“Soft support” is that you get from people who can be easily distracted. Trump’s group is an aggregation of people who are each individually fixated on one or two pet issues and who blow off the rest with “well, change is good” or, “we need to shake things up” or, “a businessman will somehow stop feathering his own nest and start feathering mine”. Their lunch is being eaten now—–most likely LITERALLY for the rest of their lives. And, they seriously do not know that it is.

      • Suzy Dixon

        Soft supporters, like myself, may well have one or two pet issues. Don’t most people? More importantly, however, is that we were faced with a failed Secretary of State vs. Trump. People seemed to vote Trump because the alternative is stay home or write in a famous dead person.

        • FriendlyGoat

          People can use any excuse they want for kicking and kicking and kicking themselves and their children. After the consequences set in, the excuse is NOT going to matter. They were invited by Republicans to Hate Hillary—–soooo——they did. GOP wins. Wealth and power straight up, right OUT of the hands of the played chumps.

      • Isaiah601

        Yes, people are too stupid to know when somebody is helping or hurting them. They need people like FriendlyGoat to tell them what is and isn’t so. Otherwise, they might believe their lying eyes.
        The arrogance of believing something like this is unbelievable. I’m impressed!!!

      • Unelected Leader

        The lunch was eaten by Billy Boy Clinton. Suzy said it: he tried to turn the national budget into a surplus while causing the trade deficit to grow. That is a recipe for disaster. 70,000 factories gone. 20,000,000 jobs lost. No thanks to bubba bill and NAFTA and cheerleading the Chinese Communist Party into the WTO.

        • FriendlyGoat

          None of that is changing. What is changing is destruction of the tax code at the top, deregulation of business practices at the top and installation of corporate courts at the top——ALL as fast as possible and as permanent as possible (before those who are asleep wake up.)

          • Not Republicans, it was Democrats that hate Hillary. Pretty much anyone opposed to regime change hates her. Especially Democrats in the states that her husband, Bush, Obama devastated with 24 years of bad economics.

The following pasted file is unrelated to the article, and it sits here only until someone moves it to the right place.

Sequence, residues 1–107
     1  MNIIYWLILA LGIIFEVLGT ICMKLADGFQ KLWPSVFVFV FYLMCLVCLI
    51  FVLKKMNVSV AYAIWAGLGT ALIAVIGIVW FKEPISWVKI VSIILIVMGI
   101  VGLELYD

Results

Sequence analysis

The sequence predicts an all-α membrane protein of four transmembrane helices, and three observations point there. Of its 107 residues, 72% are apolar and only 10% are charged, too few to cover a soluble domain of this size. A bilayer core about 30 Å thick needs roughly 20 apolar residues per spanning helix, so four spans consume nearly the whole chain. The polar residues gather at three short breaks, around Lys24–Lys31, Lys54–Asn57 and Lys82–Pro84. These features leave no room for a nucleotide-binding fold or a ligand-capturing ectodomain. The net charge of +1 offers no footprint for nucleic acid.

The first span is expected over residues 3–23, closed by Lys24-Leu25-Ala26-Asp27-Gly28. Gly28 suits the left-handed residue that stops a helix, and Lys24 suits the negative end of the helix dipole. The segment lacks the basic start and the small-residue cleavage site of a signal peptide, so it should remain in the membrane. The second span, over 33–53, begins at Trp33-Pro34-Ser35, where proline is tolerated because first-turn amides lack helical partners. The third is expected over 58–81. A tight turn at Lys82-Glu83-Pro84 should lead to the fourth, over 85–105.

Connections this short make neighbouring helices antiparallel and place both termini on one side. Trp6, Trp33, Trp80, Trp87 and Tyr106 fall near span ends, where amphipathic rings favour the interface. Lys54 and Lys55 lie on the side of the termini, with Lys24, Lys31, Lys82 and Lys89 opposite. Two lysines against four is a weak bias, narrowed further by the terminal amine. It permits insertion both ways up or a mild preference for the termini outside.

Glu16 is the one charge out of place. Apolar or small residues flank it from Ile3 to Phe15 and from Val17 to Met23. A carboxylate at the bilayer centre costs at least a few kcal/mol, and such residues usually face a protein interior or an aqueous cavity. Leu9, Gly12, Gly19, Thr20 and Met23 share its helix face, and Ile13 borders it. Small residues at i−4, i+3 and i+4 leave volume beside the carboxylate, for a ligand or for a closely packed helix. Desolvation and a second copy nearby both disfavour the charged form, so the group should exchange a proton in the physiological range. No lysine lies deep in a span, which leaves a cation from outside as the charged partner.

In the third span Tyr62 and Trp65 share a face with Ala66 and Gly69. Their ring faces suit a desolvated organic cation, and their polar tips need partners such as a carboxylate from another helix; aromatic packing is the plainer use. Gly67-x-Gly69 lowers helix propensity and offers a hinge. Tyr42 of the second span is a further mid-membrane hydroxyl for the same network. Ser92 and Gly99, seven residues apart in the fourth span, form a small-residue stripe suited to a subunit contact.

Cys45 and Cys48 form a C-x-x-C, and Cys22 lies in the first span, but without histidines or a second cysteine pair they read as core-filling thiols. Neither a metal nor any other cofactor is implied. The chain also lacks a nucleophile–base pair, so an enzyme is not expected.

• FriendlyGoat

            Yeah, yeah, yeah. Give it a rest. NOTHING on this day or on any future day is about Hillary Clinton.

          • Isaiah601

            Hillary is talking a lot about how she won popular vote. She seems to disagree with your assessment,

          • Well I don’t know you, so you might actually be Rip van Winkle. You would certainly have to be his cousin if you can sleep for the last six months and be totally unaware of the red baiting and lies spun to excuse Hillarys loss.

          • FriendlyGoat

            You think it is important to continue having an argument about Hillary Clinton. It isn’t. Find someone who is interested in this line of discussion, okay? I am not him. The future is marching on.

          • Oh okay. Then give me CNN and MSN and ABC and NBCs numbers. They think it’s important. Especially with Obama and Clintons boy tom perez running the party

          • FriendlyGoat

            If you’re the leader of China, you’ve already got the phone numbers. Call ’em up.

          • Jim__L

            … Nothing is about Hillary except the fact that Trump won because he ran against her.

          • Unelected Leader

            “We came. We saw. He died.” ~ Failed Secretary Clinton on the disastrous Libyan regime change operation. That has a great deal to do with her unpopularity and now being a twice failed candidate.
            And if Trump doesn’t deliver on trade and tax cuts then he will suffer for it. But that has not happened yet, where as we know Obama, Bush, Bubba bill all were disasters.

          • FriendlyGoat

            Delivering on trade and delivering on tax cuts are not the same as delivering on living-wage jobs for Americans—–which is what people want. You will find that out. Everyone will.